The General Assembly finished the 2021 spring session on June 1 after a whirlwind of activity in the final week. May 31 began smoothly, with all legislation that had to be passed prior to adjournment cued up. However, as usual, bill action began slowly, and the final action pace began to deteriorate in the late evening hours. The House did not bring up the budget until after 11:00 PM, leaving the Senate to concur much later in the night. On June 1, the House adjourned around 2:45 AM and the Senate adjourned around 3:00 AM. The Senate came back later that day at 12:45 PM to finish up work on a few items, most notably an elected school board for Chicago. Both chambers are presently adjourned to the call of their respective leader.
At this time, 654 bills passed both houses, 337 House Bills and 317 Senate Bills. 568 bills passed in the final week alone, representing 87% of the total passed bills. That means only 86 bills, less than 13%, passed prior to the final week of Session!
The following bills passed the General Assembly in the final few days:
The Fiscal Year (FY) 2022 Budget & Capital Bill (SB 2800 HA 3) spends over $42.2 billion of the $42.3 billion in revenue from the Budget Implementation Bill (BIMP) (SB 2017 HA 2). It spends $1 billion for capital projects across the state; contains a $350 million dollar increase for K-12 education funding; pays down almost $2 billion in bond indebtedness; and creates around $655 million in additional revenue by ending corporate tax incentives.
Given that this is the year following a decennial census, the General Assembly passed a suite of redistricting bills. The Democrat-led General Assembly based its redistricting proposals on the U.S. Census Bureau’s annual American Community Survey (ACS), rather than data from the decennial 2020 U.S. Census. Originally, the Census Bureau was supposed to provide Illinois Census data by March 31, but delays due to COVID-19 pushed this deadline back to September 30. Democrats argue that ACS data represents the most accurate source of population data, but Republicans disagree and continue to call on Governor J.B. Pritzker to veto what they consider to be partisan maps. Litigation is expected before the end of June.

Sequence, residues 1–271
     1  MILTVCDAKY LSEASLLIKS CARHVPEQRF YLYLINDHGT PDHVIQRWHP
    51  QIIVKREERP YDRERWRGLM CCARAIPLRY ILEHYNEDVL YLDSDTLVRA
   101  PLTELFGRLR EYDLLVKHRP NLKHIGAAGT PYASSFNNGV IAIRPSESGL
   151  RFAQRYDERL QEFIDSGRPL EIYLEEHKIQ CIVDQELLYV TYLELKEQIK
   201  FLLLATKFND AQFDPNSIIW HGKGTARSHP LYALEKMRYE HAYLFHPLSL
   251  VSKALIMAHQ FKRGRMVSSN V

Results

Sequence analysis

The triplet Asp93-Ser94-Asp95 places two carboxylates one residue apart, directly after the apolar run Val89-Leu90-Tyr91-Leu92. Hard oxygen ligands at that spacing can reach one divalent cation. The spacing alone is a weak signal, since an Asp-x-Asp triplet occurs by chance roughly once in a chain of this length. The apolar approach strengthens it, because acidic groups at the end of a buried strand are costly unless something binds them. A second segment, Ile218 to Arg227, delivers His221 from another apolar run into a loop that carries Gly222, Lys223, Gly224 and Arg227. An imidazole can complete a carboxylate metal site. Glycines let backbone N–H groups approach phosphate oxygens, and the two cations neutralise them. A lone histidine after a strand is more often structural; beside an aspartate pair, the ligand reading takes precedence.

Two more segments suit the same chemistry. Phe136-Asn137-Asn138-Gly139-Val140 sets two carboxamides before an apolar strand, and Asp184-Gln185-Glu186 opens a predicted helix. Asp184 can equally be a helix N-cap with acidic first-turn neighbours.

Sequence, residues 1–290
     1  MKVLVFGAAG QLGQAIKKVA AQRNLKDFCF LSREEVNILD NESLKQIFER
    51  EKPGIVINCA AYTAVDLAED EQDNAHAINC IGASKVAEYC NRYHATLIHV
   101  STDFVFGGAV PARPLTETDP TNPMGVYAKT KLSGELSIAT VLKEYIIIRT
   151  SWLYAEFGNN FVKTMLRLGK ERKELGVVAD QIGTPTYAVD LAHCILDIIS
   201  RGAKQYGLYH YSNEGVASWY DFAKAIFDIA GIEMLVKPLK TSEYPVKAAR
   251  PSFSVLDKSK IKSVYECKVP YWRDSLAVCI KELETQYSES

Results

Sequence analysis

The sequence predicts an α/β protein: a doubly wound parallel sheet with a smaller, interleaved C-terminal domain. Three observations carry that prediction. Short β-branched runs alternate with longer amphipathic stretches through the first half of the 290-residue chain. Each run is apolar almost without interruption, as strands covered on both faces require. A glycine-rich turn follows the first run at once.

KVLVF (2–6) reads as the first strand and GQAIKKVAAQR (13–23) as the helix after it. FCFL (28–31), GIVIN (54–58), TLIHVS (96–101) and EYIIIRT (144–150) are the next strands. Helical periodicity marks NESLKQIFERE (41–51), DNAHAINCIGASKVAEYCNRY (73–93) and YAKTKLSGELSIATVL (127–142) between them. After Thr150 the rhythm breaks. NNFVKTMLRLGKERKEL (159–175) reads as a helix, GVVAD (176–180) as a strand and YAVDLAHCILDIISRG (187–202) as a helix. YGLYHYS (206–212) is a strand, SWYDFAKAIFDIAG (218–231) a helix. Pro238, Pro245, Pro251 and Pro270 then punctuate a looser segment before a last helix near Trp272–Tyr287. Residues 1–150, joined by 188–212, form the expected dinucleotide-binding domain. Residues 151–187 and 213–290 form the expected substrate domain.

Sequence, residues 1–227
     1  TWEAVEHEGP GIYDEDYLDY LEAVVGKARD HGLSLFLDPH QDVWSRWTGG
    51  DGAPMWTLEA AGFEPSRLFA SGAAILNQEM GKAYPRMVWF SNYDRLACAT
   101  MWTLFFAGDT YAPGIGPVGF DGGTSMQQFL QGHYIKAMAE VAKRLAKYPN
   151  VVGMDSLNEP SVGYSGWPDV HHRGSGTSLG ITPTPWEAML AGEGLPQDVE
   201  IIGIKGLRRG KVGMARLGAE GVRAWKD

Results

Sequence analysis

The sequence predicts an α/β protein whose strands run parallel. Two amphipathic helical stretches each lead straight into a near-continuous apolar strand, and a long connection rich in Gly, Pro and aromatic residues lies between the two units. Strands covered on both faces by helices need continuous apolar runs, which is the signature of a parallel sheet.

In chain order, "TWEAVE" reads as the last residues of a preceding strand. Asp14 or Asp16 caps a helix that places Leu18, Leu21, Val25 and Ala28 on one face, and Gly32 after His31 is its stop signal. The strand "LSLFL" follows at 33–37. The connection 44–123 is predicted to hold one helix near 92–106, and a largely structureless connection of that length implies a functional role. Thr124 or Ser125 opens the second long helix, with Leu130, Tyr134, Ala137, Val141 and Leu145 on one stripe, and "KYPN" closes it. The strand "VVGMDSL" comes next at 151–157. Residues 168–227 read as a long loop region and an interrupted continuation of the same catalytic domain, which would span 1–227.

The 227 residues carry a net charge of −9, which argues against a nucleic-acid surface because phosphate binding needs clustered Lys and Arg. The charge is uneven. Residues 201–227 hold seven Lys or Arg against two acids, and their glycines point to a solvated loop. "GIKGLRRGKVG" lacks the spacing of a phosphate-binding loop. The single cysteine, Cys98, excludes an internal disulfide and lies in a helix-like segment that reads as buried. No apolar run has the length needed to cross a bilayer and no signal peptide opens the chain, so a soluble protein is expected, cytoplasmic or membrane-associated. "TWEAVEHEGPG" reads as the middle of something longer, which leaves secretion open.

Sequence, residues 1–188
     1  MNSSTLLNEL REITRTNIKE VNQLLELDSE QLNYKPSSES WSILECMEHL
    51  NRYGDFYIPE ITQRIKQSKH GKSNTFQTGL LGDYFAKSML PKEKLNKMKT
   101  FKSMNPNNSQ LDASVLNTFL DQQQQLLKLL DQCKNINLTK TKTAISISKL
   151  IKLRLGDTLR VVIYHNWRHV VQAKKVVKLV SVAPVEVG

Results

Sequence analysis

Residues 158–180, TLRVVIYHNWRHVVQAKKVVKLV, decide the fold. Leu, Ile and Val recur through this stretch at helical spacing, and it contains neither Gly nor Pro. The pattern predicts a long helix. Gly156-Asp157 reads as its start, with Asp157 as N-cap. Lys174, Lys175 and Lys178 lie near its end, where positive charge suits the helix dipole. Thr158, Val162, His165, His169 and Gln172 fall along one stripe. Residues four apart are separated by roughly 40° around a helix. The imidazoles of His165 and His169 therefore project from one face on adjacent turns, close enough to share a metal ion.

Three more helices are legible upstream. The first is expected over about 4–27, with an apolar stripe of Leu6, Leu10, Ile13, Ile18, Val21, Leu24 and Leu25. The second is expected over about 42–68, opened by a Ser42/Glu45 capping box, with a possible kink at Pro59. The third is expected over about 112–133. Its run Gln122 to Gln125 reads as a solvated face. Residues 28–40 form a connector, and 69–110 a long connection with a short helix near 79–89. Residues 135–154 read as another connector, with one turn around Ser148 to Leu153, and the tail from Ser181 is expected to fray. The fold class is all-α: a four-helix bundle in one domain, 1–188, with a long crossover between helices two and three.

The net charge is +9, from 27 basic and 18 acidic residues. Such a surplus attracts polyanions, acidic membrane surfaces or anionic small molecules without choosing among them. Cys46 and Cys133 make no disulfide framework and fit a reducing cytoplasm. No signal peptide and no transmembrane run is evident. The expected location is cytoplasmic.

General Assembly Redistricting passed as HB 2777 SA 1; Supreme Court Redistricting passed as SB 642 HA 2; and Cook County Board of Review Redistricting passed as SB 2661 HA 1. Draft maps are available on both the House and Senate Democrats redistricting websites. The House website also includes a draft of the Supreme Court districts and Cook County Board of Review districts. U.S. Congressional redistricting still needs to be addressed by the General Assembly.
The long-awaited Ethics Omnibus (SB 539 HA 2), among other things, requires former legislators to wait six months to lobby the General Assembly and prohibits General Assembly members from holding fundraisers on session days or the day before Session.
The Elections Omnibus (SB 825 HA 2), allows counties to maintain a permanent vote-by-mail list and moves the 2022 Primary Election to June 28, with early voting beginning on May 19.
HB 2621 SA 3 & 4 creates the COVID-19 Affordable Housing Grant Program Act. It provides that the Illinois Housing Development Authority shall establish an affordable housing grant program to encourage the construction and rehabilitation of affordable multifamily rental housing in response to the COVID-19 pandemic; extends the tax credit for affordable housing donations until December 31, 2026; provides for a reduction in assessed value for affordable rental housing construction or rehabilitation; amends the Affordable Housing Planning and Appeal Act and provides that, for the purposes of the Act, rent includes any required costs for parking, maintenance, or landlord-imposed fees.
Several major issues remained unresolved and were not addressed by the General Assembly in the final few days of Session. Chief among these unresolved items is an agreed-upon energy bill. U.S. Congressional redistricting, a Gaming Omnibus (SB 521), and any other items leadership deem to be imperative also have yet to be addressed. The General Assembly will reconvene at some point this summer, but at this time, it is unknown exactly when they will return. Some say the General Assembly could reconvene in two weeks, others say in a few weeks, but it could be as late as August.